There are several other persons and academies that figure into the history of art education in Memphis--most notably the late Ted Rust, who directed the Memphis Academy of Arts for twenty-six years--but I’ll leave the reader to learn about those himself by reading Dr. Cupples’s article, which presents a side of Memphis that was unknown to me before and that I am grateful for knowing now.

1969 Poplar Avenue
To return to the Memphis College of Art. For years, my old guitar teacher, Gay Ricardo Fusco, and his wife Georgia lived in a Spanish-style apartment building at 1969 Poplar Avenue, just across the street from Overton Park and the art college. Mr. Fusco died in 1984, but Georgia continued to live in the apartment, and for many years I harbored a fantasy to one day return to Memphis and live at that very same address. Alas, sometime around 2000, the college purchased the apartment building to use as a dormitory for its students. For me, knowing now that I would never live in the Fuscos’ old apartment, that was sad news to learn.

Sunday, March 11, 2012

Memphis Pumping Stations Subject of New Book

Memphis has long been famous for its superior drinking water, and, as I just learned from a post on Ask Vance, there's now a book celebrating the pumping stations that are part of the city's water system. The book, written by James K. Ingram and self-published through Blurb, is an illustrated history titled Memphis Water Works Pumping Stations: The Story of Memphis, Tennessee's Artesian Water Supply and the MLG&W Water Division in the Era of Steam Machinery. The entire book can be previewed at the publisher's website. The seventy-four-page book is chock-full of images, including a gorgeous color illustration on page 11 of Hernando De Soto, mounted on a white horse and surrounded by Indians, viewing the Mississippi River from the Chickasaw Bluffs; the illustration adorned the cover of a 1903 supplement to the "house-warming edition" of the Memphis Evening Scimitar.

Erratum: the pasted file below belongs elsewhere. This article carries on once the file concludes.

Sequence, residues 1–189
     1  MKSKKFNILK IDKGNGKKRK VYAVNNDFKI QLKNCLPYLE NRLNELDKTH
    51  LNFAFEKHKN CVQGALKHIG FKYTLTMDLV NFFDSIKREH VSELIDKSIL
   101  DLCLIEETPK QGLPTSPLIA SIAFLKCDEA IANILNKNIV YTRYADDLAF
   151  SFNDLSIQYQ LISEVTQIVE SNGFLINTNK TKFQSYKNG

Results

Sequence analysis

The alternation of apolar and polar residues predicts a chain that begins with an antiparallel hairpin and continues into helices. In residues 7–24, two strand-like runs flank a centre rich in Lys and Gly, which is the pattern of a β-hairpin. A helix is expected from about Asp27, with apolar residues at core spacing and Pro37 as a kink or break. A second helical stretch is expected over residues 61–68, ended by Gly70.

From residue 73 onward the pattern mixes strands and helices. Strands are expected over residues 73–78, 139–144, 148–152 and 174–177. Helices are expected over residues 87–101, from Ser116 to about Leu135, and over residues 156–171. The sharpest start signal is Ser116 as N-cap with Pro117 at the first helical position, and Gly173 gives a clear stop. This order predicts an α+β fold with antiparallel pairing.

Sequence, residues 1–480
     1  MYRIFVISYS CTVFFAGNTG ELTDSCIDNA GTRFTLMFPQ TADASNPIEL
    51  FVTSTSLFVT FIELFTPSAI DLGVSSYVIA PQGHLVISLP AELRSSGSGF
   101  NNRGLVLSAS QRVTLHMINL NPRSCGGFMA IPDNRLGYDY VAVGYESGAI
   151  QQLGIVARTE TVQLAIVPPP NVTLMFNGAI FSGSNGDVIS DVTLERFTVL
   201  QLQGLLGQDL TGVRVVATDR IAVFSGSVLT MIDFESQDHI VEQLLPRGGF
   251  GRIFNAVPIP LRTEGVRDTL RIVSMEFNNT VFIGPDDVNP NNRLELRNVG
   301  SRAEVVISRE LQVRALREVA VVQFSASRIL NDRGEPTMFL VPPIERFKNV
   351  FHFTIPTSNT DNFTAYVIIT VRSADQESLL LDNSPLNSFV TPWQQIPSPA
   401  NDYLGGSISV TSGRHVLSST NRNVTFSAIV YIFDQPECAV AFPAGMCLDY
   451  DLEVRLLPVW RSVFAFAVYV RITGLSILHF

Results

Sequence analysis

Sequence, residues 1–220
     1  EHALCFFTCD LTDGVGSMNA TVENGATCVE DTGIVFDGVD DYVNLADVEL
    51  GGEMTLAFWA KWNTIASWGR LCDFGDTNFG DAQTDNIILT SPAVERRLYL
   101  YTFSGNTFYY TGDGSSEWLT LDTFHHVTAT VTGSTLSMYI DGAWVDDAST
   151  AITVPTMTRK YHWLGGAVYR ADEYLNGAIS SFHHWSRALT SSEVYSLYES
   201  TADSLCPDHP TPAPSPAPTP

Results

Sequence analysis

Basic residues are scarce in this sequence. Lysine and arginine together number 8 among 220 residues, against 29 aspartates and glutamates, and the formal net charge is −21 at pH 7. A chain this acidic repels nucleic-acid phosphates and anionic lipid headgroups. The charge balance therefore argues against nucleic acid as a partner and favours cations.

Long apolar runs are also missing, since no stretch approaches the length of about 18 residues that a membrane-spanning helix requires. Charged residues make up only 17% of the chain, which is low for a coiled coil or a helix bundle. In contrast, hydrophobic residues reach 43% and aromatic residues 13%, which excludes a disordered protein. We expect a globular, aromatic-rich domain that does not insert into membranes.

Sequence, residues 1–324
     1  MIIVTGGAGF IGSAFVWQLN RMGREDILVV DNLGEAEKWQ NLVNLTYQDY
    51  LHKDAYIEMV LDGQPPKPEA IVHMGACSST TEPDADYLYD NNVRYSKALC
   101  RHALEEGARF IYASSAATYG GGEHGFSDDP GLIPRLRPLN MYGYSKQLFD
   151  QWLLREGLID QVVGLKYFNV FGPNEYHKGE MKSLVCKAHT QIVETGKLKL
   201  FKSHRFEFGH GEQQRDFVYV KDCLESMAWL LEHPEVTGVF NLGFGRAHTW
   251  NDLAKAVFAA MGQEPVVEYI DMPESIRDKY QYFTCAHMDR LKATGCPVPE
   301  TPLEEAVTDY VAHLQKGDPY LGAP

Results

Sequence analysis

Saturday, March 10, 2012

Earthquake Research at the University of Memphis

The latest issue of Science in Context, a scholarly journal published by Cambridge University Press, is devoted to histories of earthquake science and response. One of the articles in the issue, “Accounts of the New Madrid Earthquakes: Personal Narratives across Two Centuries of North American Seismology,” by Conevery Bolton Valencius, discusses the founding and scholarly output of the Center for Earthquake Research and Information (CERI), which was created in 1977 at the University of Memphis. Much of the center’s research has relied on historical narratives. CERI is currently finishing a decade-long project of compiling a complete set of newspaper accounts of the 1811–12 New Madrid earthquakes, which, among other things, created Reelfoot Lake in northwestern Tennessee. The project, known as the New Madrid Compendium, is being led by Kent Moran.